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PostPosted: Sun Nov 22, 2020 8:57 pm 
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Voronwë the Faithful wrote:
Here is an interesting article with descriptions about how what is going on in the United States is seen around the world.

What The U.S. Election Meltdown Looks Like to Other Countries


Thanks for sharing that. Interesting and sad to see people in Iran and Kenya identifying similarities between this year's U.S. election and the troubled elections they've experienced in their countries. It's not good to be giving such opportunities for propaganda to the Iranian government.

One commentator I often read said four years ago, and is saying again now, that it's ridiculous how the U.S. after each election pats itself on the back for accomplishing a "peaceful transfer of power." He points out that this has been a regular function of the world's many democracies for half a century or more now, and in most of them, such peaceful transfers are simply taken for granted and get much less fanfare. And those are the comparisons we should be making: to our fellow democratic republics. So from the piece you link to:

"A growing number of South Koreans see the United States as a country past its glory days due to Donald Trump’s presidency. It’s evident in how the voting in the U.S. primaries was portrayed in Korea: Broadcasters delivered shocking images of long lines wrapped around polling stations where masks and sanitizer were scant. The contrast was particularly striking to South Koreans who had just voted in their April national election, including me. Lines moved quickly. The government checked temperatures at the entrance, then handed out hand sanitizer and plastic gloves. No sparks in cases could be detected afterward in a country that has been hailed throughout the pandemic for its contact-tracing efforts."

Although I chuckled reading the next paragraph:

"And the election itself has made some South Koreans question whether the United States is truly a democracy. Koreans themselves use a popular vote. It’s simply unfathomable for many of them to think that some people’s votes outweigh others or that a candidate can win the popular vote and still lose."

I suspect that if I looked through the older threads in this very forum, I'd find some people who would agree with the Koreans' point of view, but would add: That's because the U.S. has always been a republic not a democracy. It's a position conservatives have emphasized repeatedly at least since 2000.

(Edited to add: I had no idea that O. Henry coined the term "banana republic.")


Last edited by N.E. Brigand on Sun Nov 22, 2020 9:08 pm, edited 4 times in total.

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PostPosted: Sun Nov 22, 2020 9:05 pm 
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N.E. Brigand wrote:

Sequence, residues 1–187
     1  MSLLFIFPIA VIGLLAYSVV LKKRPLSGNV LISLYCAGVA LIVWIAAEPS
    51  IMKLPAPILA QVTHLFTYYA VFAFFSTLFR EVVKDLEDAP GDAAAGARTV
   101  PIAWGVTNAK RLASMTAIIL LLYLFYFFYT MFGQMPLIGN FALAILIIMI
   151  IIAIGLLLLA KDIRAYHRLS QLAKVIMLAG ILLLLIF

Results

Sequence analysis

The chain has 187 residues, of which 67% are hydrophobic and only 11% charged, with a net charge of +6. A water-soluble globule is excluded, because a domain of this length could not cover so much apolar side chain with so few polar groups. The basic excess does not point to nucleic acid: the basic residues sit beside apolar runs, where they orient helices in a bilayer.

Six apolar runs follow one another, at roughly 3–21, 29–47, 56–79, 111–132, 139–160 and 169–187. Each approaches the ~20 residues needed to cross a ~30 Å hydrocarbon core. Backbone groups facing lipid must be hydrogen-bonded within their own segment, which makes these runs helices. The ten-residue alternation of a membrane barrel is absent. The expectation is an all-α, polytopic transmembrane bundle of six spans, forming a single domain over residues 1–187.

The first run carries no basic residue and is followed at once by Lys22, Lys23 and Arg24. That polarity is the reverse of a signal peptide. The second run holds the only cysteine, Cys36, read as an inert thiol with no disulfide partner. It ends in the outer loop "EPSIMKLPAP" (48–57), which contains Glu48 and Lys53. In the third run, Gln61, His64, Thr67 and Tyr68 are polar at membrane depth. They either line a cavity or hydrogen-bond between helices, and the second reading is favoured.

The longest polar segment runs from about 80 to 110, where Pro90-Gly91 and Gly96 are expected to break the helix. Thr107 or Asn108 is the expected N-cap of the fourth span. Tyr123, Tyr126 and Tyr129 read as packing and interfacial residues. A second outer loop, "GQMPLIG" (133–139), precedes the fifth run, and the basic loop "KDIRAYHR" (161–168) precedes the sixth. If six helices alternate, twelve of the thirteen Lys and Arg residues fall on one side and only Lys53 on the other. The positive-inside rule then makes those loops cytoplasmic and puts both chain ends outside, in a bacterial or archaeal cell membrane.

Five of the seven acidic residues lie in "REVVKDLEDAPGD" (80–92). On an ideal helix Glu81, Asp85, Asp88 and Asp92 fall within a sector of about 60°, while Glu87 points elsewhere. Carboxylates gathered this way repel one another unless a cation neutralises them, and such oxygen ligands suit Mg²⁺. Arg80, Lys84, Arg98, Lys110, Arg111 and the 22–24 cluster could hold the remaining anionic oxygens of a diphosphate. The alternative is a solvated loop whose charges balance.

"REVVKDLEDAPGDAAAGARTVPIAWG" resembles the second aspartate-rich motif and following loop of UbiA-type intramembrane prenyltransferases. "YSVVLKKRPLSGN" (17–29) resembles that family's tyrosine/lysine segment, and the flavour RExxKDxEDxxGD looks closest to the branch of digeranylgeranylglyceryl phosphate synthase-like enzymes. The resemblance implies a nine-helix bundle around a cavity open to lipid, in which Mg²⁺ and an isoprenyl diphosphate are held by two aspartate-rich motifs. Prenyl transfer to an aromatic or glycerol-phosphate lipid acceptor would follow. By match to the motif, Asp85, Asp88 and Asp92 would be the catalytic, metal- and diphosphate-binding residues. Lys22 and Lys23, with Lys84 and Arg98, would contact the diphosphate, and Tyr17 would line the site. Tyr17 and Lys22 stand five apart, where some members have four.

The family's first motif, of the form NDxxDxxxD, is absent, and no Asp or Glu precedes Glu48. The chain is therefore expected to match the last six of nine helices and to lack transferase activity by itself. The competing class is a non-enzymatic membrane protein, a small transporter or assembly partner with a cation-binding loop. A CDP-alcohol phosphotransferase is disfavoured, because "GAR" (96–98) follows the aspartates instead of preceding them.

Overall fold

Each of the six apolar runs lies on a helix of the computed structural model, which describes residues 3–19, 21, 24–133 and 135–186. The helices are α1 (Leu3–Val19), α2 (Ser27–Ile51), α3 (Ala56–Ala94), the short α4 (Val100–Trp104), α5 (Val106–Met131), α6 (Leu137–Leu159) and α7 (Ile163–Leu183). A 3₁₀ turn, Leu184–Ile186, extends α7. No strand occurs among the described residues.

N.E. Brigand wrote:
(Wait, something more from Powell: she says that Georgia's governor, Brian Kemp, a Republican, took bribes from Dominion, the company that sold the state its election machines, to throw the race for Biden.)

Just a month ago, Rudy Giuliani and his associates were claiming that they had come into possession of a laptop with damning evidence about Hunter Biden and Joe Biden. The response from serious conservatives was: Joe Biden needs to answer questions about this. Now, Rudy Giuliani and his associates claim that a Republican governor has taken bribes to give the election to Biden. Is this the breaking point? Will mainstream conservatives demand criminal investigation into Brian Kemp? Or is this finally too crazy for them to accept? And if so, will they ever admit that the Hunter Biden nonsense was just as ridiculous?

Whoa. The Trump campaign is now claiming that if not for (their insane conspiracy theory about) Brian Kemp having rigged Georgia's election, then Doug Collins rather than Kelly Loeffler would have qualified for the run-off election for the Senate.

Can't wait to see how Loeffler responds to that.


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PostPosted: Sun Nov 22, 2020 9:53 pm 
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Whoa is right. That is truly idiotic!

Speaking of idiotic, Trump's legal dream team has already filing a notice of appeal in the Pennsylvania case.

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PostPosted: Sun Nov 22, 2020 10:28 pm 
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Won't that get mooted the moment PA certifies?

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PostPosted: Sun Nov 22, 2020 10:46 pm 
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Not necessarily. The could still (in theory) seek to reverse the certification.

N.E.B., can you provide a link about the Trump campaign claiming that if not for Brian Kemp having rigged Georgia's election, then Doug Collins rather than Kelly Loeffler would have qualified for the run-off election for the Senate? I have been able to find anything about that.

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PostPosted: Mon Nov 23, 2020 12:43 am 
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Meanwhile, back in Michigan, Key GOP Michigan canvassing board member expected to vote against certifying results

I've not seen any indication of whether Van Langevelde, the other GOP member of the board, would also be likely to go against facts, reason, common sense and the law and also refuse to certify the results. Doing so would make no real difference towards Biden's overall victory, or even most likely his holding on to Michigan's electors (that he won much more convincingly than Trump did in 2016). It would just make a messy situation messier, and make Michigan look like a laughingstock. I doubt it will happen but it could. We'll know tomorrow.